"Nina is entirely unique," Reiser said. "Try to imagine a well-educated Marilyn Monroe, who's a doctor."
The birth of their son Rory, now 8, and daughter Niroline, now 6, were happy times for the couple. "Nina was one of the best parents I've seen in my life," Doren said.
Reiser, who lost custody of his children in the divorce proceedings before his wife's disappearance, said, "I miss them so much. It's been so long."
But fights about how those children were being raised were at the center of a marriage that began to crumble. Doren said she was witness to the emotional disputes.
"They just could not agree on how to raise the kids," she said. "And there were very many, many fights and conflicts."
Reiser, whose work kept him overseas in Russia for months at a time, wanted more children and did not want Nina returning to work as a doctor.
"I ran the business and I expected my wife to take care of the kids," he said.
Reiser said he was "a bit naïve" when it came to his wife.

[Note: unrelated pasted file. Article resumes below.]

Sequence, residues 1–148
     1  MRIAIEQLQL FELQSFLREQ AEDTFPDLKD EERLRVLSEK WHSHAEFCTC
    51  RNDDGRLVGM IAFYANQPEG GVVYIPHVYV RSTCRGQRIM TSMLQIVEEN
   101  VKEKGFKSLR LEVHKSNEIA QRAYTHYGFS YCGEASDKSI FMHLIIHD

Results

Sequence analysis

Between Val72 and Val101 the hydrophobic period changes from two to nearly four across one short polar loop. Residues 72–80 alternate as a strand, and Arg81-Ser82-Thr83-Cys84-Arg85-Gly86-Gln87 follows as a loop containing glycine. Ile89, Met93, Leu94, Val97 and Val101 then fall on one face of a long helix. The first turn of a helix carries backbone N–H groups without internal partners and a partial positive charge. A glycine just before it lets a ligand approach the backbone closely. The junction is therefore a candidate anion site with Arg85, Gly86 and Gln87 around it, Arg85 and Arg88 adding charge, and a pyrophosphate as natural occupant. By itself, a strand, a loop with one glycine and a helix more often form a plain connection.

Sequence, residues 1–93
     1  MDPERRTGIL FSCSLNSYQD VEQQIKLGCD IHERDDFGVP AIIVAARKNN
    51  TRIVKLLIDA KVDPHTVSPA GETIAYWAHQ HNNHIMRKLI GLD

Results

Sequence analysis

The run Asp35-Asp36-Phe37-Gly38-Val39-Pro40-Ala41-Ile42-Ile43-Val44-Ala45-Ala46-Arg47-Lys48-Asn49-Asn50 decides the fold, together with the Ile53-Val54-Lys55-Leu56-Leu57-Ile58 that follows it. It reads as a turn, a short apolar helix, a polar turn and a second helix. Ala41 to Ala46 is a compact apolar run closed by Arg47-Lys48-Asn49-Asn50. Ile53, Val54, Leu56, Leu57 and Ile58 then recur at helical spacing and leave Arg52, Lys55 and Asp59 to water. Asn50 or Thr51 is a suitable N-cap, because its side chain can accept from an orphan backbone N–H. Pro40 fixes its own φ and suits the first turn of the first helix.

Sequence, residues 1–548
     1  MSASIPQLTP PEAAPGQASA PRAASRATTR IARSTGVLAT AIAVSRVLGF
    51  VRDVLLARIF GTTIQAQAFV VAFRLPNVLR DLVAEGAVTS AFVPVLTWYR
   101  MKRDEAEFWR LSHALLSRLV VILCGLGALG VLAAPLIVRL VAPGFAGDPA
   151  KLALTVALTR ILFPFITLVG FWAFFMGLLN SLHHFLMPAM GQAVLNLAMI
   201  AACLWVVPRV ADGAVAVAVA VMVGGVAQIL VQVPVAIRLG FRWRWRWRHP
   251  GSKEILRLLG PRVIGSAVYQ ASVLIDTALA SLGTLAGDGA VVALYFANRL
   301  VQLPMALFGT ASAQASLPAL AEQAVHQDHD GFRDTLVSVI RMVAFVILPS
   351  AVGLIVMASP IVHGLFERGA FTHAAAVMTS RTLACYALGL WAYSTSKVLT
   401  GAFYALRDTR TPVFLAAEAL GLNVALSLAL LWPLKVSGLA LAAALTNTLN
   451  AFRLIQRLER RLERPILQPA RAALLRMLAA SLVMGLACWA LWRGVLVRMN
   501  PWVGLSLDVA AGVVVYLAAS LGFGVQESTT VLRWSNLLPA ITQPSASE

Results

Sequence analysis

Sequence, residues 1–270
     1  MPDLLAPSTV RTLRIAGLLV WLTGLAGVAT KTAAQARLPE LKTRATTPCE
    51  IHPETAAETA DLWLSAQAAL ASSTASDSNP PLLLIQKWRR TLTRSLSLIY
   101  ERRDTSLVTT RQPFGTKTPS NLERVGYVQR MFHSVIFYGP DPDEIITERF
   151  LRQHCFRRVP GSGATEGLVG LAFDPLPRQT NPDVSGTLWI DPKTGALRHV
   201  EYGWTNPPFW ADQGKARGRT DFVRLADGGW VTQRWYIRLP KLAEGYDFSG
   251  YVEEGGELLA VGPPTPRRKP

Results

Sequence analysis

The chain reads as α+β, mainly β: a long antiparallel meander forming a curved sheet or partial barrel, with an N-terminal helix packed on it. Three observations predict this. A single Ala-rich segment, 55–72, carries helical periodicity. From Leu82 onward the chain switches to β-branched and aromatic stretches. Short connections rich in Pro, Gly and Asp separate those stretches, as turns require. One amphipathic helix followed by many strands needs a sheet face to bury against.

"The objective evidence doesn't support what I believed at the time. She divorced me the day she became a citizen. I don't know whether it was the exact day but same month -- close enough," he said.
Reiser also said that Nina, who ran the finances for the family computer business, was embezzling money.
Ramone Reiser, Reiser's father, believes "there's no question" Nina purposely got pregnant before the marriage.
"I have yet to get him to admit how much Nina was cleaning out the money," said Ramone Reiser. "He needs to stop thinking that something happened to her, or whatever. She took off and left him."